3.  What Streaming Music Can Be. Khoi explains how music streaming has turned music into a commodity. Listeners aren’t connecting the music like they used to. Reading the liner notes, absorbing the album art, and listening to the album from start to finish used to be part of the record experience. The record is now more of a marketing tool for shows and merchandize. But the record is the start of a great packaged story; just ask Beyonce.

4.  The end of the Facebook era. We’d all be ok and probably a little happier if Facebook just disappeared. Facebook was a novel idea, it gave birth to social networking but is now a stodgy network that tries to be everything to everybody. The only way for FB to stay innovative is through acquiring hot, young mobile companies like Instagram and Snapchat, the latter which it recently missed. The irony of all this talk of a Facebook downfall is course contradicted by the data; Facebook is still the most used Smartphone app the two years running.

5.  The Documented Life. If you really want to remember something, don’t take a photograph of it; at least, that’s what research proclaimed last week. The current obsession with selflies and touch devices is impeding the old conversation. Will we ever get back to the days of pre-distraction? Probably not, unless Google Glasses makes smart contacts too.

6.  North Korea, Instagram, David Guttenfelder: Photographer of the Year. Instagram is the real-time, photographic version of Twitter. If you’re not following David Guttenfeler yet, you should. Before Instagram, there’s no way we’d get an insider’s look into North Korea; it turns it actually looks normal than we think.

7.  2013: The Year ‘the Stream' Crested. Atlantic writer Alexis Madrigal explains how the stream (FB's newsfeed, Twitter, etc) has become the predominant way to consume real-time content but also the most intimidating. It's almost impossible to keep up with every post, a majority of which are irrelevant to you.  ”You can never finish the Internet” but the Internet can finish you.  Is what we know already enough?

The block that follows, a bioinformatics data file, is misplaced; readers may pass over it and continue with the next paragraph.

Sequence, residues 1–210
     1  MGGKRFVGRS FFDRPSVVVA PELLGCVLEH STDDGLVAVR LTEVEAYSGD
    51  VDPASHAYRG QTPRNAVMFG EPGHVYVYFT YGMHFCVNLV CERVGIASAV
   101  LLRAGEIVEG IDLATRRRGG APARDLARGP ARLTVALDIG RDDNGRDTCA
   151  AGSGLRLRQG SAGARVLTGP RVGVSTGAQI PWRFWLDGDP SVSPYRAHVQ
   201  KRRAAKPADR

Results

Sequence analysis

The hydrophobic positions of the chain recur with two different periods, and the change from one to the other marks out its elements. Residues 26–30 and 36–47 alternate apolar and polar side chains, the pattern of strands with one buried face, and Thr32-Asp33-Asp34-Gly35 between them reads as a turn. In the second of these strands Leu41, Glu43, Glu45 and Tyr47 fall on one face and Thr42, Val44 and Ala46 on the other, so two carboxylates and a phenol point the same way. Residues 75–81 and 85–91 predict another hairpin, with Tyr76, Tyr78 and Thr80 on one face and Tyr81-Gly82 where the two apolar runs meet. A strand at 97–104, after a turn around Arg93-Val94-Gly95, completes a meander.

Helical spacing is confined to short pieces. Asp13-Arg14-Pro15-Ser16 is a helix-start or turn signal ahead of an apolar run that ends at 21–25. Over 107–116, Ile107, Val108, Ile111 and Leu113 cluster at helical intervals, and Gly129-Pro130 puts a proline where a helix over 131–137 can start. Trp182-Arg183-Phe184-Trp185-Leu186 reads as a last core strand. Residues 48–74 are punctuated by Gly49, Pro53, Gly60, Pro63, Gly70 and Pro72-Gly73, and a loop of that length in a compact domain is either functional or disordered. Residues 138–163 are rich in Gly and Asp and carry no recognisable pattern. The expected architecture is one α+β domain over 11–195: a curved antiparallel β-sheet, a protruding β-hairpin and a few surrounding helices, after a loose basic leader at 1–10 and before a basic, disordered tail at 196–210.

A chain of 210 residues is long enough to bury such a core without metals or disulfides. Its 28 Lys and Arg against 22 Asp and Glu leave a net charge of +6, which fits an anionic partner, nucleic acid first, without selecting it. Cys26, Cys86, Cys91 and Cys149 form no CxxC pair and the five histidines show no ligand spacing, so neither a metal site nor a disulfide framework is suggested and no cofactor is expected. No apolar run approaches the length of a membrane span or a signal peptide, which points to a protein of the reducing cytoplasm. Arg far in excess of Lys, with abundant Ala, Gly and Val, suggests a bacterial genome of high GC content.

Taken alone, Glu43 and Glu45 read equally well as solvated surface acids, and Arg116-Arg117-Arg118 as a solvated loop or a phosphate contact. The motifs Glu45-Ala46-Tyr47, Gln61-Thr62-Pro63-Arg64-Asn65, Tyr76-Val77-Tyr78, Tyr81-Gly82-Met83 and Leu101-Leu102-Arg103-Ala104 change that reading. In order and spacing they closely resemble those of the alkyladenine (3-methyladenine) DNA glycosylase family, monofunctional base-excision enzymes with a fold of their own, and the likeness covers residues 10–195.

7 articles to read this weekend

Every week I like to compile a list of interesting reads I stumbled upon online. Most of the time the articles relate to creativity, tech, and life hacks.  

1.  The Agony of Instagram.  Admit it:  you get jealous when you scroll through your Instagram feed.  The fear of missing out (FOMO) can be overwhelming.  Will you let FOMO stress your out or will you do something about it?

FYI – the Siam Paragon mall in Thailand is the most Instagrammed location for two years running.

2.  A Stream of Music, Not Revenue.  It’s a simple fact that only the hardcore fans will pay for music but even that’s a reach. You can find free streamable music across the web.  If a song is not on Spotify, it’s on Soundcloud, and it’s almost always for sure on YouTube. The good news is that music discovery is more desirable than ever and online radio, especially contextual radio (i.e. Songza) is a hit.

3.  How to Kick Ass At Public Speaking.  Good tips here from CEO of Open Me, IIya Pozin.  Everyone fears public speaking; I think it takes a matter of confidence, passion, and some practice.

4.  Vocal Acrobat Mixes Soccer Calls With Awe.  Ray Hudson is my favorite soccer announcer.  His passion is electric, hilarious, and insightful.  Ray could work for the bigger broadcasters but he prefer to announce the games from a soundproof room.

5.  Lorde’s ‘Song Of The Year’ Was A Slow Burn To The Top.  Lorde actually dropped the track on Soundcloud in 2012.  It’s amazing how much talent there is on the Soundcloud platform, especially from New Zealand.

6.  Digital Cameras Are Messing With Your Memory.  Evidence shows that taking pictures hurt, not help, remembering things because taking snaps become more like running quickly through a mental checklist rather than enjoying a true, observational experience.

7.  Inside the Box: People don’t actually like creativity.  Creativity is too easy to reject because the ideas don’t yet exist.  But the crazier the ideas, the better since that’s how we ultimately progress.  For creatives, rejection keep them going to create even more wilder stuff.     

7 articles to read this weekend

Each week I handpick my favorite articles from the web, falling under the categories of art, creativity, ideas, social media, and tech.  Apparently people like to read in snackable lists. 

The Psychology of Online Comments. The only place where I’ve seen comments add value to the conversation is on Quora or even Fred Wilson’s blog. Otherwise, comments are generally negative across the web, especially when users post anonymously; plus, conversations within those comments are slanted and one-sided. I removed Disqus yesterday from this blog. Now you’re just going to have to Tweet me.

How Pinterest plans to make digital scrapbooking worth $3.8 billion.  Pinterest appears to be the next big social network, along with Snapchat. But Pinterest also has to make money, which typically results in running ads.  Will the ads clutter the feeds or appear subtle enough to generate revenue without disrupting the user experience? You don't know until you try.  For Ben Silberman, it's time to monetize the Visual Web.  

You're All Media Companies.  Gary Vaynerchuck tells it how it is and this time he's arguing that individuals should be publishing stories online.  Why?  Because it's free and the longer you wait the likelier it is you'll never get heard.  Be your own media.  

Slaves of the Internet, Unite!.  I write this blog for free because I enjoy it.  However, I don't think I could do it as a job, especially if I didn't get paid.  It's tough to be a writer in the age of the Internet where people trade you exposure for a free piece of work.